UASB-technology will be piloted in pulp and paper industry at pilot-scale for pretreatment of p&p-industry's waste waters. Technical specifications for full scale implementation will be determined. Economical feasibility study will be provided based on the results achieved by pilot-tests and theoretical calculations.

The following collaboration project aims at contributing through fundamental, theoretical and experimental research to the developement and implementation of efficient anaerobic digestion of sludge and waste water with the final aim of reducing sludge management and recover energy in the form of biogas. the proposed activities and tasks will be validatet at lab- and pilot-scale. The developments are directed towards obtaining integrated solutions, which can be later implement at large scale. 

Anaerobic digestion (AD) is nowadays the most common process for waste treatment. It consist of a series of biological transformations, in which several microbial populations break down the biodegradable matter in the absence of oxygen. During the biodegradation of the waste, biogas is generated, which consist mainly of methane and carbon dioxide. The biogas can be combusted to generate electricity and heat, or can be upgrated into renewable biomethane and used transportation fuel. Compared to other processes for waste and wastewater treatment, anaerobic digestion provides several advantages among which the most important ones are the higher potential for clean, renewable energy production and th substantally lower sludge production (waste minimization).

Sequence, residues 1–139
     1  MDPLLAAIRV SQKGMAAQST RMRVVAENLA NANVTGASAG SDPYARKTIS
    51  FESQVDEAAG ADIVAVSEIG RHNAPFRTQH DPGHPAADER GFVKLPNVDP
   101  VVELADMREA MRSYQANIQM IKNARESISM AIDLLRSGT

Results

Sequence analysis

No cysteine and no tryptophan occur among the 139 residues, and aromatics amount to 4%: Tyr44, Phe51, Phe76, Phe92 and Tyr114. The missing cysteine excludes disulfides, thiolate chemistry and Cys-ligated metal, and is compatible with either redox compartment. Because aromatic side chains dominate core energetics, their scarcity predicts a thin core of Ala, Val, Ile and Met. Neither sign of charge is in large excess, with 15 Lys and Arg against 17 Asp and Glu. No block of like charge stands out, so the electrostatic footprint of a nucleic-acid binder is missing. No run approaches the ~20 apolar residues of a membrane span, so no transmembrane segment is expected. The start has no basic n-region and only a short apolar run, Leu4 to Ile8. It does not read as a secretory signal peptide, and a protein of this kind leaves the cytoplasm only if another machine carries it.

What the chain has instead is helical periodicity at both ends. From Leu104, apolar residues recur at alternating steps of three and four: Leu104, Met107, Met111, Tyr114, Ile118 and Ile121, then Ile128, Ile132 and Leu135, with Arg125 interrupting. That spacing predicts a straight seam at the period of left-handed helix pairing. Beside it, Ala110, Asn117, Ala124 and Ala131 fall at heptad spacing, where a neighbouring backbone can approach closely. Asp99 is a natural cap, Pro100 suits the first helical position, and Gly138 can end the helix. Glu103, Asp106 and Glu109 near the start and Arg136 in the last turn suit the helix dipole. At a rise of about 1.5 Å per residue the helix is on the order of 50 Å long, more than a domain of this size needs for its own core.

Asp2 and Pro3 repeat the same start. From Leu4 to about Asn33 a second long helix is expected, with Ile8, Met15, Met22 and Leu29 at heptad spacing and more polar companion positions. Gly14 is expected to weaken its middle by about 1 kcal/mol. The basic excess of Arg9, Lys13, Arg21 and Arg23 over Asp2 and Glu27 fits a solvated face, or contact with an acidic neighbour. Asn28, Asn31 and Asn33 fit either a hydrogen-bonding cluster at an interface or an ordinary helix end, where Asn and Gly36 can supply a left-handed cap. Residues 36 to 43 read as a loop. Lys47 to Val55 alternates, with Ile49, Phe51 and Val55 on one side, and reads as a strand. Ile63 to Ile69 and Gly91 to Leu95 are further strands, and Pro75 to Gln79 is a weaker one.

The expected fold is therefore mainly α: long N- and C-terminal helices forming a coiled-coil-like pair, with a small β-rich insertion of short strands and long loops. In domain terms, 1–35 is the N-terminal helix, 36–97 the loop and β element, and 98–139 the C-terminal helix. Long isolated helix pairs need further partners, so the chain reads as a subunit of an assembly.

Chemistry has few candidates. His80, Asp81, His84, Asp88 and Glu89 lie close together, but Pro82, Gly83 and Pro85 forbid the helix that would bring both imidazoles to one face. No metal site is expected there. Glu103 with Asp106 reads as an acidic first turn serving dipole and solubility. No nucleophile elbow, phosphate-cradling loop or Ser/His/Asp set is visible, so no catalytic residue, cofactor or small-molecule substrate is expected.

AD applied in the forest industry has focused mainly on primary and secondary sludge digestion from aerobictreatment of wastewaters mainly from paper industries. Sludge is produced in great amounts and disposal isa costly; this is why studies have concluded that it is more effective to reduce sludge formation by changes in the wastewater (such as including AD) than reducing the amount of sludge by post-treatment. Little attention has been focused on the direct AD of streams of chemical pulping wastewater. Effluent emissions are generated in wood handling, debarking and chip washing, wood cooking, pulp washing and pulp bleaching. Effluents are general high in chemical oxygen demand (COD) which underlines their potential for AD, however they also contain many inhibiting compounds for methanogenic bacteria such as degradation products of lignin, sulfur compounds, polysaccharides, wood extractives and chlorine compounds that can produce absorbable arganic halides. Several studies have concluded that despite challenges in the AD of pulp and paper wastewater, all of its effluents are to some extent degradable.